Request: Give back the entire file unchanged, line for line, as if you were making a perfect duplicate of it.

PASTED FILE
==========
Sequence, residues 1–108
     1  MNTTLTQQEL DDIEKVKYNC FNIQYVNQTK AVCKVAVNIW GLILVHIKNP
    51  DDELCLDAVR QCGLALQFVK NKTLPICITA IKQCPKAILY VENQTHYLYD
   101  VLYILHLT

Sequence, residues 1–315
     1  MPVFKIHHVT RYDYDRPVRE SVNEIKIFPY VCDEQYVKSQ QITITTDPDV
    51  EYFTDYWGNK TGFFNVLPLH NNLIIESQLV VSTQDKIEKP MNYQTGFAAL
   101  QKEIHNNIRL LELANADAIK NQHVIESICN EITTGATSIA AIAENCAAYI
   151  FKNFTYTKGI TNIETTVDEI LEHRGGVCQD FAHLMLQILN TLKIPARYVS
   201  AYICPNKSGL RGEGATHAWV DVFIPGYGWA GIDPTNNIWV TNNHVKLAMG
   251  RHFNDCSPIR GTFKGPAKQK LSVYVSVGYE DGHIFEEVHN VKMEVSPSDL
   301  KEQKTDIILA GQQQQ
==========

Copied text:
Sequence, residues 1–108
     1  MNTTLTQQEL DDIEKVKYNC FNIQYVNQTK AVCKVAVNIW GLILVHIKNP
    51  DDELCLDAVR QCGLALQFVK NKTLPICITA IKQCPKAILY VENQTHYLYD
   101  VLYILHLT

Sequence, residues 1–315
     1  MPVFKIHHVT RYDYDRPVRE SVNEIKIFPY VCDEQYVKSQ QITITTDPDV
    51  EYFTDYWGNK TGFFNVLPLH NNLIIESQLV VSTQDKIEKP MNYQTGFAAL
   101  QKEIHNNIRL LELANADAIK NQHVIESICN EITTGATSIA AIAENCAAYI
   151  FKNFTYTKGI TNIETTVDEI LEHRGGVCQD FAHLMLQILN TLKIPARYVS
   201  AYICPNKSGL RGEGATHAWV DVFIPGYGWA GIDPTNNIWV TNNHVKLAMG
   251  RHFNDCSPIR GTFKGPAKQK LSVYVSVGYE DGHIFEEVHN VKMEVSPSDL
   301  KEQKTDIILA GQQQQ